Alassane Ouattara has been sworn in as Ivory Coast's president in an inauguration ceremony attended by world leaders which many hope will herald a peaceful new chapter in the country's history.
At least 100,000 people from across the region gathered in Yamoussoukro, the administrative capital, for Saturday's ceremony, Al Jazeera's Yvonne Ndege reported from the event, describing the atmosphere as "carnival-like".
Some 20 heads of state, ambassadors and international diplomats also attended, including Nicolas Sarkozy, the French president and UN chief Ban Ki Moon.
"For many people this is an opportunity to begin a new chapter in the history of the country" Al Jazeera's Ndege said.
"In 50 years of independence from France this country has known 30 years of dictatorship and 20 years of ongoing political crisis, meaning that it hasn't really been able to assert itself as a democracy."
The stately ceremony should have taken place six months ago after Ouattara was declared the winner of last year's presidential election.
But he was prevented from taking office by outgoing president Laurent Gbagbo, who refused to cede power.
Gbagbo used the army to prevent Ouattara from leaving the hotel that had served as his campaign headquarters, forcing Ouattara to initially take the oath of office in a ceremony inside the hotel lobby attended only by his aides.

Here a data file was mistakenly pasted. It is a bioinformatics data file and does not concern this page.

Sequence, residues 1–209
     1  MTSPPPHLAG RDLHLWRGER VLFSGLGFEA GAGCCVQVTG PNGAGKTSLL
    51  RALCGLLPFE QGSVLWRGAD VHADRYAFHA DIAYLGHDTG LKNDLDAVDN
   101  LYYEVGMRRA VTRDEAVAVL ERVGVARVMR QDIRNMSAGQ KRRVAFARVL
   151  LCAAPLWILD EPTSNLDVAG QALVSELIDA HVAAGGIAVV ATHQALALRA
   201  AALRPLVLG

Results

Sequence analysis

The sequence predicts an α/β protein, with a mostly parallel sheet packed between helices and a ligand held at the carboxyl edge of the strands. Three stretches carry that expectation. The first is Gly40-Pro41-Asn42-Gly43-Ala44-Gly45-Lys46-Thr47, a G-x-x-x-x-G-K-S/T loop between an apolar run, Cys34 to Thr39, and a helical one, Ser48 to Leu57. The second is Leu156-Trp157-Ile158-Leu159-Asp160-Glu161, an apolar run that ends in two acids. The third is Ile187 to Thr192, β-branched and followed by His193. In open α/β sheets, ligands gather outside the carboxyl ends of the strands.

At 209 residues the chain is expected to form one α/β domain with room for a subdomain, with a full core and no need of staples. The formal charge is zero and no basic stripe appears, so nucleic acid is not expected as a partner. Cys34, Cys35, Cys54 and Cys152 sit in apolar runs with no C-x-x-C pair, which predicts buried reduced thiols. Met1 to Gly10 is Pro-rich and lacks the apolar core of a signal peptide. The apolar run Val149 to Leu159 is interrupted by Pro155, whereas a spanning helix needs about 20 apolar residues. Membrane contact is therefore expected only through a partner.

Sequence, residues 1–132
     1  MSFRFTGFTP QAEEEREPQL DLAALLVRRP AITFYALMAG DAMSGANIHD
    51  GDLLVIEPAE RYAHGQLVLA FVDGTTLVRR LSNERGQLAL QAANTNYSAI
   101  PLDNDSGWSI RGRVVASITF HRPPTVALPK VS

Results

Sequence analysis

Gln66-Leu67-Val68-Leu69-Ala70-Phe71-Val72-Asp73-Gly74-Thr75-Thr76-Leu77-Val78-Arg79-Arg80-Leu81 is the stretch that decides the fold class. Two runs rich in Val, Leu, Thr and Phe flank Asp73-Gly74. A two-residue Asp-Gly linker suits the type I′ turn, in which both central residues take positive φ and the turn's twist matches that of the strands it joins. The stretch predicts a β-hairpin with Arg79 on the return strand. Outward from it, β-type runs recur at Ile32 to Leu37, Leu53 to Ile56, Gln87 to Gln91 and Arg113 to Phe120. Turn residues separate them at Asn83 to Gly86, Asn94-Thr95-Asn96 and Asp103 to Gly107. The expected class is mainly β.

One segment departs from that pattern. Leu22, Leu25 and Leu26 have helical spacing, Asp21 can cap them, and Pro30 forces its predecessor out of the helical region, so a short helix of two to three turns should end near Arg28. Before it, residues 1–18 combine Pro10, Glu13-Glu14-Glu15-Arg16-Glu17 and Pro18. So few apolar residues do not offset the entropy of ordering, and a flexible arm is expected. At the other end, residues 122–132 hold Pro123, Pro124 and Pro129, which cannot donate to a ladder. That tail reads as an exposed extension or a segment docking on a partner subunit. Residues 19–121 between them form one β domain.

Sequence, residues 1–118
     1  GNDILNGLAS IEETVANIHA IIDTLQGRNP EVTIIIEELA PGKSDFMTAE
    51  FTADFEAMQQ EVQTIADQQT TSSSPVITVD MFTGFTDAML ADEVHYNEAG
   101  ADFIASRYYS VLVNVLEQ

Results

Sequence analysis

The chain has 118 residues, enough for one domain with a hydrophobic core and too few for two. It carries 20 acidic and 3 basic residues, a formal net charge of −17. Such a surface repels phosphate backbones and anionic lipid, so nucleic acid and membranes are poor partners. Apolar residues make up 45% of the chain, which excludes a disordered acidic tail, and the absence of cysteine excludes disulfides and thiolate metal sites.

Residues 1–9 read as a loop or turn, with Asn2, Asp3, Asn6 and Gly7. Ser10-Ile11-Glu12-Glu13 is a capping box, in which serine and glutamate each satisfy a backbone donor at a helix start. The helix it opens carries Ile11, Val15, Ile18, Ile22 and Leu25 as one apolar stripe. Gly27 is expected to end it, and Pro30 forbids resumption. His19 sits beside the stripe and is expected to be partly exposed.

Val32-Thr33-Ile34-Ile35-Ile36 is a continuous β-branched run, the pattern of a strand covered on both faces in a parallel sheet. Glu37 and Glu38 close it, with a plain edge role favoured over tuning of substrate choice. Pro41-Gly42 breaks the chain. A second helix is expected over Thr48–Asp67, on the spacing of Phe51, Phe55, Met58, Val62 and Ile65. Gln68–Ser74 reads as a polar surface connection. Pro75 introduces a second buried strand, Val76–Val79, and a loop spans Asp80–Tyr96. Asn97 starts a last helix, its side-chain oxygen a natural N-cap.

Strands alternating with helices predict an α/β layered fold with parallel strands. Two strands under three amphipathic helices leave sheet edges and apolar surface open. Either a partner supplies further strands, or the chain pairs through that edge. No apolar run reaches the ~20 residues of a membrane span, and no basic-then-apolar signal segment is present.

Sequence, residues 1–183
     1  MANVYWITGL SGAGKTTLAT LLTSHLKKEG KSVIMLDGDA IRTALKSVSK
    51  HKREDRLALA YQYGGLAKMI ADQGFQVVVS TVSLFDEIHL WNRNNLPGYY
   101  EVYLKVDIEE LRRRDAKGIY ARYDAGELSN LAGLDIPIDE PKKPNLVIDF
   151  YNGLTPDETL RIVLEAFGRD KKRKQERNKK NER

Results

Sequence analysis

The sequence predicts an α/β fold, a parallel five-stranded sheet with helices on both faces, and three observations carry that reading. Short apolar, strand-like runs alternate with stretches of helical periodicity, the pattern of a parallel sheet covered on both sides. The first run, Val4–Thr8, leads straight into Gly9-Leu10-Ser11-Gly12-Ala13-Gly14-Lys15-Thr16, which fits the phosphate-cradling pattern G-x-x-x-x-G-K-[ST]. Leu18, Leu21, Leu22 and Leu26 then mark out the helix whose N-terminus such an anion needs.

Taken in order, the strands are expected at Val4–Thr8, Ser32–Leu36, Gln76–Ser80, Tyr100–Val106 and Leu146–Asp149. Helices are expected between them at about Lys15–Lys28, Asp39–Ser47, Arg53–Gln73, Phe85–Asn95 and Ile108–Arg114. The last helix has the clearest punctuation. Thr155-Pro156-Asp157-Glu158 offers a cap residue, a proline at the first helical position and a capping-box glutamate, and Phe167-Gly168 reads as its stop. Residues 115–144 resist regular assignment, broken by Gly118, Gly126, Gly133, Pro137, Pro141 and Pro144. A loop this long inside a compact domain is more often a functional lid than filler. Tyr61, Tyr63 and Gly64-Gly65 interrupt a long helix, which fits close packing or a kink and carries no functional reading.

Following last year's flawed election, the country "saw total chaos and mayhem unfolding," Ndege said, adding that "the challenge ahead for Alassane Ouattara is formidable".
Gbago "did win 47 per cent of the vote during the presidential poll ... [and] he continues to enjoy support," Ndege said.
But she added: "There really is a hope that this ceremony will be the beginning of a new chapter for the Ivorian people ... The question really is whether Alassane Ouattara will - once the pomp and ceremony is over - be able to pull it off."
At least 3,000 people were killed and more than a million displaced in the post-election power struggle, which finally ended when Gbagbo was ousted through French-led military action in April.
He is now under house arrest in Ivory Coast's north and Ouattara wants him tried for human rights abuses during the conflict.
Ndege said opinion was divided in Ivory Coast, especially regarding the influence wielded by Paris on the local leadership.
"[Some feel that] France has had too much of a hand in putting Alassane Ouattara into power ... The feeling among some people is that Outtara is really France's puppet in Africa," Ndege said.
The UN's Ban earlier said that though the Ivorian crisis was over, the UN and the international community still had challenges to deal with.
"There are serious challenges like national reconciliation, restoration of peace, and humanitarian affairs as well as accountability questions and impunity issues," he said.